In the first few weeks of January alone, several consortiums have launched protest song campaigns to ensure that songs like these will just keep coming. On inauguration day, the platform “Our First 100 Days” was launched. Here, one new protest song will be released on every day for the first one hundred days of the current president’s administration, with all profits raised from the sales of songs by groups such as PWRBTTM going, as their website states, “directly to organizations working on the front lines of climate, women’s rights, immigration and fairness.” Paste Magazine expanded its “30 Days, 30 Songs” campaign for the long haul, offering up to 1000 Songs in 1000 Days— one song a day for every weekday of Donald Trump’s term.
However, as I write these last lines, the global public is remixing the resistance in its own lightning-fast ways. The recent public sucker-punch of white supremacist neo-Nazi Richard Spencer has already become a legendary object of meme culture. Folks have synched this clip to multiple—and diverse—soundtracks that invite repeated viewings, from Celine Dion’s “My Heart WIll Go On,” Bruce Springsteen’s “Born In The USA,” Queen’s “We Will Rock You,” Gwen Stefani’s “Hollaback Girl,” Pharrell Williams’s “Happy,” The Notorious B.I.G.’s “Hypnotize” to Frank Zappa’s “Black Page #2”. . .and the list continues.
Singing the resistance in the 21st century poses a truly complex task. Artists must sonically navigate a wide array of musical aesthetics—some geared toward more immediate public appeal, while others evoke more erratic and dissonant affects—and keep an eye toward combining sound with impactful media events and artifacts, while never forgetting to consider the critical question “How Does it Feel?”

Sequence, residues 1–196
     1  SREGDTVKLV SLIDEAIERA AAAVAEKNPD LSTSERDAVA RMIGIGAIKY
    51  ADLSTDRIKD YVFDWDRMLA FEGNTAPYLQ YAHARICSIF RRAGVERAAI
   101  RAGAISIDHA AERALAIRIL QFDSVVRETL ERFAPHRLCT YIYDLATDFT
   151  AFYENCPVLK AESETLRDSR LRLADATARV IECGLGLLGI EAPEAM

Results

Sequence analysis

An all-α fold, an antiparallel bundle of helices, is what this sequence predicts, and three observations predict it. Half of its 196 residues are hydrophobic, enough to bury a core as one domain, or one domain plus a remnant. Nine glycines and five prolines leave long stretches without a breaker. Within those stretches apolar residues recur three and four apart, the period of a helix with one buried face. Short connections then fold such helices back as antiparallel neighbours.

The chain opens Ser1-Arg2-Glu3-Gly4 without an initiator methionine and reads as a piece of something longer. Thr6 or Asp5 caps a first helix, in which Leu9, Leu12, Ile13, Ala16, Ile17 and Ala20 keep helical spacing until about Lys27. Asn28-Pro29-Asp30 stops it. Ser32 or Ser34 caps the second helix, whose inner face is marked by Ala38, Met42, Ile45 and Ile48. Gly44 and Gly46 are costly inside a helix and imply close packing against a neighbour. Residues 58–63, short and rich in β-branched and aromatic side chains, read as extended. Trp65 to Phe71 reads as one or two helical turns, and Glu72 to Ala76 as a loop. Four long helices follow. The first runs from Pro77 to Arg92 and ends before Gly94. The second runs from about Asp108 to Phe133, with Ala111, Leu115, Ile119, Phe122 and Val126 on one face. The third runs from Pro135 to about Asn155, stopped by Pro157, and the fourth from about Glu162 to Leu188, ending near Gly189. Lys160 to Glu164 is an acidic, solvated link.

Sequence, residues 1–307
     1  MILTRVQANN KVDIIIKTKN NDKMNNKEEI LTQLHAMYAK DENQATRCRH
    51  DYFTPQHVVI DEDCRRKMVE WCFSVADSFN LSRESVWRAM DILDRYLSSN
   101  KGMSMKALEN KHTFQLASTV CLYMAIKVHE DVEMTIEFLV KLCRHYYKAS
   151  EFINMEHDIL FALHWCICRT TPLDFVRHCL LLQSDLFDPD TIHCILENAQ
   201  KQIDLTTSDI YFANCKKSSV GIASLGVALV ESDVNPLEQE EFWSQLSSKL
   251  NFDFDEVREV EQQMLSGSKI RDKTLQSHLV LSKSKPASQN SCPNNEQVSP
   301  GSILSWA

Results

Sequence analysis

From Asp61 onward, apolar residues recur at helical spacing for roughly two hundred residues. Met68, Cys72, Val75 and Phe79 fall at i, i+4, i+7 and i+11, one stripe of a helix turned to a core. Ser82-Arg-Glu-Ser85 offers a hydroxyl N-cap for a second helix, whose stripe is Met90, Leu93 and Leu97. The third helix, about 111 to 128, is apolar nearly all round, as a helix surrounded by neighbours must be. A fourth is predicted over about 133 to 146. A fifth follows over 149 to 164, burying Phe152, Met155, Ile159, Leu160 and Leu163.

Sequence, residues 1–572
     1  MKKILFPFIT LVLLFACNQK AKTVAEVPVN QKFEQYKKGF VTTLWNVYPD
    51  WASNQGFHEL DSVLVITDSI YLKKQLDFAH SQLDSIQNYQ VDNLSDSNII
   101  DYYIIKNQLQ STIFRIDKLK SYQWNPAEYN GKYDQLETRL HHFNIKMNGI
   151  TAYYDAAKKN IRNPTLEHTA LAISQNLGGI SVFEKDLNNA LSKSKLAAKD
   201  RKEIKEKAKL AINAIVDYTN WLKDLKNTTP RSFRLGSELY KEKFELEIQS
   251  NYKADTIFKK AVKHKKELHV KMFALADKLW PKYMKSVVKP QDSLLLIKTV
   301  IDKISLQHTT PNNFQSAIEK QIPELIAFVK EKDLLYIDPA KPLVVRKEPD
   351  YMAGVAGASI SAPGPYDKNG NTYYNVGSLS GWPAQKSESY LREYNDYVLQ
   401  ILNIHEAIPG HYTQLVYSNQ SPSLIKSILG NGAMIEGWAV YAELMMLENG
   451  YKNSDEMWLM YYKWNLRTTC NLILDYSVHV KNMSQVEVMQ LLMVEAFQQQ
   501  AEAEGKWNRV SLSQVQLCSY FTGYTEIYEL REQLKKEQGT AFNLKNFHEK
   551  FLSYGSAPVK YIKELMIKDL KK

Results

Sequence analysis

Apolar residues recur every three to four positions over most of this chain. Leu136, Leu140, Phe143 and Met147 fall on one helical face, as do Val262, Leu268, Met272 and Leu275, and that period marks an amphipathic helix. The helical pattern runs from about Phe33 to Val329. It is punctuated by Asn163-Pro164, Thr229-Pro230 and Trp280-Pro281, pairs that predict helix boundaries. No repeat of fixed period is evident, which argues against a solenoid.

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Holger Schulze is full professor in musicology at the University of Copenhagen and principal investigator at the Sound Studies Lab. His research focuses on the cultural history of the senses, sound in popular culture and the anthropology of media. Recent book publications are: American Progress (2015), Sound as Popular Culture (2016, ed.) and Krieg Singen: Singing The War (2017, ed.).
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On Ventriloquism, Dummies, and Trump’s Voice – Sarah Kessler
À qui la rue?: On Mégaphone and Montreal’s Noisy Public Sphere – Lillian Radovac
The Noise of SB 1070: or Do I Sound Illegal to You? – Jennifer Stoever
The slaves who were ourselves had known terror intimately, confused sunrise with pain, & accepted indifference as kindness. – Ntozake Shange, Sassafrass, Cypress & Indigo
Sanford. Baltimore. Chicago. Staten Island. Charlotte. Cleveland. Oakland. Austin. Los Angeles. The Bronx.
Despair in the United States is nothing new. It is neither an emotion confined to the neatly-drawn borders of this land nor is it experienced more acutely by any one group of people. The vast discrepancy between the results of the popular vote and the electoral college’s selection of Donald Trump as forty-fifth president of the United States amply reveals despair to be an sentiment viscerally experienced by a wide swath of people in this country, irrespective of race, ethnicity, gender, class, or sexuality.